Recently, in Town of Greece, New York v Galloway, the United States Supreme Court considered whether a prayer given before monthly town board meetings violated the Establishment Clause. Since 1999 the town of Greece began inviting local clergy to deliver an invocation before the town board meeting. The local clergy, all of who were unpaid volunteers, were selected from a local directory of congregations and were free to determine the content of their invocations. While the town maintained that any minster or layperson was welcome to give the invocation; from 1999-2007, all the participating minsters were Christian.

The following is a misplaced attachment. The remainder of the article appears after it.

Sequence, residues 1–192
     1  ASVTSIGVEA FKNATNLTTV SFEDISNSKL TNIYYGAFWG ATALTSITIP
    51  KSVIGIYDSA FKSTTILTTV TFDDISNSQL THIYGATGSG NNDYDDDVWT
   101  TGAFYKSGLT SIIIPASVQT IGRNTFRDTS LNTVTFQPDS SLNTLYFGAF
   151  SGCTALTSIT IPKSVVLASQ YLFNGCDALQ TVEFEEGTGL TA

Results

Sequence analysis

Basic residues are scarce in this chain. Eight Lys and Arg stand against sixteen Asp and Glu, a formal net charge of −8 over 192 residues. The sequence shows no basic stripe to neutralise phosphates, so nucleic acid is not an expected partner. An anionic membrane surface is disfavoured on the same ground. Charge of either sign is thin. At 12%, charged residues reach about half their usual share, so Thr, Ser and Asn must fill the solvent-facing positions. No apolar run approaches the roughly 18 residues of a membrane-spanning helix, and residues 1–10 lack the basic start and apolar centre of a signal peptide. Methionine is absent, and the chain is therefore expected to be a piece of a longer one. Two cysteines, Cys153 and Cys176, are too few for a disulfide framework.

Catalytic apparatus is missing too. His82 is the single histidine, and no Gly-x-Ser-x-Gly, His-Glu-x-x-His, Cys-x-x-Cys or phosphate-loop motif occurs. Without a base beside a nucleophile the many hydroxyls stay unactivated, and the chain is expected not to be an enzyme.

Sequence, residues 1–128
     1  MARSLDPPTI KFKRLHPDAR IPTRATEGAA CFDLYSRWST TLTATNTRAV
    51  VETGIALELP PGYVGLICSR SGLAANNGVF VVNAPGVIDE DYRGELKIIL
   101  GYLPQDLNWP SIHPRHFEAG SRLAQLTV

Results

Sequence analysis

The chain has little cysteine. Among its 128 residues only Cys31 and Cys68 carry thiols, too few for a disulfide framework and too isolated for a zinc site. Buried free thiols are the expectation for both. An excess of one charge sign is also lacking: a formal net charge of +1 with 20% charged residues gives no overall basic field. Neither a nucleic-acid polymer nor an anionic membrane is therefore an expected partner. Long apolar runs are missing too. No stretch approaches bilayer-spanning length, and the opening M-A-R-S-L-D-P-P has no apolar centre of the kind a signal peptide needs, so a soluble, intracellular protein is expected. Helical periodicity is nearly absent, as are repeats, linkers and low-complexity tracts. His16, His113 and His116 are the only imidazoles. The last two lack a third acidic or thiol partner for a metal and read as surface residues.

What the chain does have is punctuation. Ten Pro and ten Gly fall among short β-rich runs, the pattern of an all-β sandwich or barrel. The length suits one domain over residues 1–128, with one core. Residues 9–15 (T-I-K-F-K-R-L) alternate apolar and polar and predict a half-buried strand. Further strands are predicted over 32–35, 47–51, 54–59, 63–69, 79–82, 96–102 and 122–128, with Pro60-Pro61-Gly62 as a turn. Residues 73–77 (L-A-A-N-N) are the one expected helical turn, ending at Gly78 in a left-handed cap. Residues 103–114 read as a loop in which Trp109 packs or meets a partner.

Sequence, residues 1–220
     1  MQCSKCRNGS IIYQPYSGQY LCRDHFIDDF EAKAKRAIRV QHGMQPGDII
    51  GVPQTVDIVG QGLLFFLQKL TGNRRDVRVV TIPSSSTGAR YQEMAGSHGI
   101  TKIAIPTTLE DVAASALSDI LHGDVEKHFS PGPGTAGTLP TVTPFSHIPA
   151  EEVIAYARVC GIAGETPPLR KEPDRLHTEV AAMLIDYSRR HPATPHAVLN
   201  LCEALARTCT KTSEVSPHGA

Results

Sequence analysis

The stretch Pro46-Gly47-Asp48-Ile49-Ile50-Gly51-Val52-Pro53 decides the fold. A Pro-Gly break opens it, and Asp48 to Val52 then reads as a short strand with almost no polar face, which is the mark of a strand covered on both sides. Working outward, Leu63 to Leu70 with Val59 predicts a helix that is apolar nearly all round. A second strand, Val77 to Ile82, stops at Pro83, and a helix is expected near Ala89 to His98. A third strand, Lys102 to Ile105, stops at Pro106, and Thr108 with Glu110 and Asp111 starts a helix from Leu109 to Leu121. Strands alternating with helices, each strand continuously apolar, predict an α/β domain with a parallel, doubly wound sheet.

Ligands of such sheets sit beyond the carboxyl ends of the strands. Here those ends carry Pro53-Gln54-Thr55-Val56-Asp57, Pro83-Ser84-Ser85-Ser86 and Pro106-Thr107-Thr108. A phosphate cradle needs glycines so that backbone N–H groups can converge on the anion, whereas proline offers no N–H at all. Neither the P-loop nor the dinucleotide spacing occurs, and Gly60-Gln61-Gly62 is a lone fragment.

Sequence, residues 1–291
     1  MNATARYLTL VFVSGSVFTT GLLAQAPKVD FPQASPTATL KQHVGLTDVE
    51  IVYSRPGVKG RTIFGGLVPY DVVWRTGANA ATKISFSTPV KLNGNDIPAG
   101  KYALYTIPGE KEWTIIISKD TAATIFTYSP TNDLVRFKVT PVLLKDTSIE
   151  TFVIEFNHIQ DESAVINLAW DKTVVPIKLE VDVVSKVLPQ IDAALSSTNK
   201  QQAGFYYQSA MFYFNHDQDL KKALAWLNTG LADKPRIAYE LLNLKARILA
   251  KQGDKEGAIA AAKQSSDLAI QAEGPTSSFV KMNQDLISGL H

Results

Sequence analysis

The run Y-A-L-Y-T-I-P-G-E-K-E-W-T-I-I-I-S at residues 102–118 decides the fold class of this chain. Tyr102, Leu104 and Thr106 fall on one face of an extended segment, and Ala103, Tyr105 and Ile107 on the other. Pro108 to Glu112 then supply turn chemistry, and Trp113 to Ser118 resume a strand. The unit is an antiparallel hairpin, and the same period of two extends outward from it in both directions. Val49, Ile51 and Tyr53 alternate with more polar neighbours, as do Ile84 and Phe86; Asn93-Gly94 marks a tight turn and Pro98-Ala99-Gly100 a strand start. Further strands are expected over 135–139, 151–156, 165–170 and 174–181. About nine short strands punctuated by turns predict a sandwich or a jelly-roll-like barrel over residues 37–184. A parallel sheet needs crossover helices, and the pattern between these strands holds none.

The Court held that the prayer before town board meetings did not violate the Establishment Clause because the practice was consistent with the long tradition followed by Congress and state legislatures and did not discriminate against minority faiths. The Court noted that Greece made reasonable efforts to identify all of the congregations within its borders, that the prayers were for the board members (not the audience) and that the town board members did not direct the audience to participate in the prayers, single out dissidents, or indicate that their decisions would be influenced by a citizen’s participation or non-participation in a prayer. The Court further noted that “[o]nce it invites prayer into the public sphere, government must permit a prayer giver to address his or her own God or gods as conscience dictates, unfettered by what an administrator or judge considers nonsectarian.” Prayers may be used to solemnize the legislative session so long as the practice does not proselytize or denigrate a particular faith or belief.